Tuesday Assorted Links

1. Unbundle the police?

“It’s an unacknowledged peculiarity that police are in charge of road safety. Why should the arm of the state that investigates murder, rape and robbery also give out traffic tickets? Traffic stops are the most common reason for contact with the police. . . . Many of the police homicides, such as the killing of Philando Castile happened at ordinary traffic stops. But why do we need armed men (mostly) to issue a traffic citation? Don’t use a hammer if you don’t need to pound a nail. Road safety does not require a hammer.”

2. Kareem Abdul-Jabbar writes as well as he played basketball, and I contend, he may have been the best ever. #UCLA.

“I don’t want to see stores looted or even buildings burn. But African Americans have been living in a burning building for many years, choking on the smoke as the flames burn closer and closer. Racism in America is like dust in the air. It seems invisible — even if you’re choking on it — until you let the sun in. Then you see it’s everywhere. As long as we keep shining that light, we have a chance of cleaning it wherever it lands. But we have to stay vigilant, because it’s always still in the air.”

3. When it comes to Presidential leadership, Mexico just can’t win.

“The numbers were startling: In March, Mexico’s government said, the country’s emergency call centers were flooded with more than 26,000 reports of violence against women, the highest since the hotline was created.

But Mexico’s president brushed aside his own cabinet’s announcement, suggesting, without evidence, that the vast majority of the calls for help were little more than pranks.

‘Ninety percent of those calls that you’re referring to are fake,’ said the president, Andrés Manuel López Obrador, when asked about the surge in calls at a recent news conference. ‘The same thing happens with the calls the metro gets about sabotage or bombs.'”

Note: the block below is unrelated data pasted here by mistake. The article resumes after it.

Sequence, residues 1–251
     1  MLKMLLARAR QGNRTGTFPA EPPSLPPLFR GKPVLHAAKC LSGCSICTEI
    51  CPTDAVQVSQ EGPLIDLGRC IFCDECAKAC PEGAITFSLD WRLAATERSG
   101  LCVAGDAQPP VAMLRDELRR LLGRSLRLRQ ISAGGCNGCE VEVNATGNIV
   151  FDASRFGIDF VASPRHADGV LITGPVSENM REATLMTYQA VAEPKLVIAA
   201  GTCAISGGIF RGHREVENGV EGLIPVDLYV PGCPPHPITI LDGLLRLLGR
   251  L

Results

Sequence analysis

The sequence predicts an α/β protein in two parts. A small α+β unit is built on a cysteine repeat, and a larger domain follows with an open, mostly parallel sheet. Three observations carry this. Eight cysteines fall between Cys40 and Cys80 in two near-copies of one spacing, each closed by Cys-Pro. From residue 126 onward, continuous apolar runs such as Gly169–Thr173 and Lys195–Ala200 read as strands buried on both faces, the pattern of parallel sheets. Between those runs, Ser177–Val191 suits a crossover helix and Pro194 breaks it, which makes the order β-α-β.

For shit’s sake. This from a leftist populist, who won the presidency more than a year ago by promising to transform Mexico into a more equal society. Fool me how many times?

The GOAT, But At What Cost?

The Last Dance, the ten episode Michael Jordan/Chicago Bulls documentary, was a  welcomed oasis in the live sports desert some of us are wandering aimlessly in.

But even at eightish hours, it felt woefully incomplete in that it ignored the the costs of ultimate professional success on personal well-being.

The doc’s one overarching insight was that Jordan’s work ethic, drive, and competitiveness were unparalleled; as a result, none of his teammates ever measured up. And so he beat them down, to the point that they had no affection for him.

Here’s Noam Scheiber describing the dynamic in The New York Times:

“As Jordan himself said of his teammates in ‘The Last Dance,’: ‘I’m going to ridicule you until you get on the same level as me. And if you don’t get on the same level, then it’s going to be hell for you.’

More than 15 years after Jordan retired from professional basketball — for the third time — the mix of power and grace he displayed on the court remains a breathless thrill. But his leadership style, such as it was, feels outdated.

In the intervening years, a chorus of experts has warned employers, investors and board members against tolerating such cruel or demeaning behavior. Academics and government officials have used terms like ‘toxic worker’ or ‘superstar harasser’ in preaching vigilance against flawed if seemingly talented performers.

‘Every organization needs the ‘no-asshole rule’ because meanspirited people do massive damage to victims, bystanders who suffer the ripple effects, organizational performance, and themselves,’ Robert Sutton, a Stanford University management professor, wrote in a 2007 best seller named for that rule.

Watching the Michael Jordan depicted in ‘The Last Dance’ presents a paradox of sorts: The Bulls dominate the league. Yet Jordan is frequently meanspirited. He appears to make light of one teammate’s migraine and uses words like ‘dumbass,’ or more foul-mouthed epithets, to refer to others. He doles out postgame abuse as easily as high fives, complaining, ‘You couldn’t make a damn jump shot all night long.’ He seems to delight in embarrassing a teammate on camera.

One struggles to know whom to believe: the experts or your lying eyes.

According to the studies Mr. Sutton cites in his book, the problems with toxic workers range from the obvious to the subtle. Their belligerence creates costly distractions. Their treatment of co-workers increases turnover and absenteeism. When the demoralized colleagues do show up, they perform apathetically.”